Leaving the Rat Race to Save the World

How to enhance your high-tech career with new skills -- and meaning.

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Clement Marcellus was willing to take a chance on that proposition. Marcellus is practice area leader at IBM Global Business Services. Earlier this year, he approved employee Scott Jenkins' request to spend two months in Bamako, Mali, working with fellow Geekcorps volunteers building radio stations and training local people to maintain them.

"We really encouraged Scott to volunteer overseas, but it's a two-way street. These volunteers are also bringing back a lot into IBM's own IT environment," says Marcellus. Nearly 70% of IBM's IT projects involve "a mix of talent, languages and culture," he adds -- and they can only benefit from the experiences of a well-traveled technology pro.

Off the Track

Temporarily abandoning the rat race to work in a developing country may no longer be considered a blot on an IT professional's résumé, but not all employers support the concept.

"Sometimes people read [about overseas volunteer work] and think it's the coolest thing in the world. Other people have a closed-minded view and see volunteering as a less ambitious goal," says Jenkins, now an associate partner in the application innovation services practice within IBM Global Business Services.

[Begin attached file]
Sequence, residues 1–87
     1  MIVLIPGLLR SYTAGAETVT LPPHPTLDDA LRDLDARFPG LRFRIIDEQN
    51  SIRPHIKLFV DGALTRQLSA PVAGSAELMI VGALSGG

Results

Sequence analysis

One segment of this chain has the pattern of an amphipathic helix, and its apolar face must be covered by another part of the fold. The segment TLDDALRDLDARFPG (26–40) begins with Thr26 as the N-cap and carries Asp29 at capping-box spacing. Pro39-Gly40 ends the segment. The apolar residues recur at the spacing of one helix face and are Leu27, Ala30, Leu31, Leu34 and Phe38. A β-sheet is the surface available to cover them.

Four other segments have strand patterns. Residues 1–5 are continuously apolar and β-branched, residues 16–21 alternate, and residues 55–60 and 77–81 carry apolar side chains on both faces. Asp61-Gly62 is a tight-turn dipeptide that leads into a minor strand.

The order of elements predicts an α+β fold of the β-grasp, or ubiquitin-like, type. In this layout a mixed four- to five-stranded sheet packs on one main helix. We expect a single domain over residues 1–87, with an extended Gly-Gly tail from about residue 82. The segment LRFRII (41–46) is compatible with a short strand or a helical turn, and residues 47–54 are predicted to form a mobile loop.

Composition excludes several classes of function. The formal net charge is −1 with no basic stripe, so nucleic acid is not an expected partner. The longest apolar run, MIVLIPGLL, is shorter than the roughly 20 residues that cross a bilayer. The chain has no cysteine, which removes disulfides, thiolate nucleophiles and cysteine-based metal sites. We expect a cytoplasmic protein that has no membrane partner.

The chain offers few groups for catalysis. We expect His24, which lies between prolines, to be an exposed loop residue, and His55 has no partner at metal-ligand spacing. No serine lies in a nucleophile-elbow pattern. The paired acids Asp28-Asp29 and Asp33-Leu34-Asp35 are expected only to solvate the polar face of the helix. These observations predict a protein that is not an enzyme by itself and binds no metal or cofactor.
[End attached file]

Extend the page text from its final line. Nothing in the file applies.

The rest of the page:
Recruiters aren't completely sold on the idea either. According to Andy Steinem, CEO of executive search firm Dahl-Morrow International, volunteering may "show strength and the capacity to be flexible," but "potential employers want to know why you were on the fast track and all of a sudden took yourself off."

John Estes, vice president of strategic alliances at staffing firm Robert Half Technology, warns that although volunteering can enhance a CV, too much of it raises a red flag. "If I saw a résumé that was dotted with a lot of volunteer work, I'd question how money-motivated they are," he says. "Employers want people to jump in and earn bonus money."

Turning off potential employers isn't the only risk techies face when they choose to volunteer in developing countries. Temporarily moving from a well-oiled, state-of-the art IT environment to a makeshift tech shop in rural Kenya can result in culture shock. "In the U.S., we complain about network speeds and computers that don't work. But when you're working in a rural setting in Africa, you're happy if you have electric power," says Ollis.

And then there's the difficulty of reacclimating after spending months abroad. "It's very hard to travel to a developing country for any length of time and not be affected. Reverse culture shock is very common," says Muir.

But it's a danger that more and more techies are willing to face as personal enrichment -- not just riches -- takes center stage in some IT careers.

Waxer is a freelance writer in Toronto. Contact her at cwaxer@sympatico.ca.

Copyright © 2008 IDG Communications, Inc.

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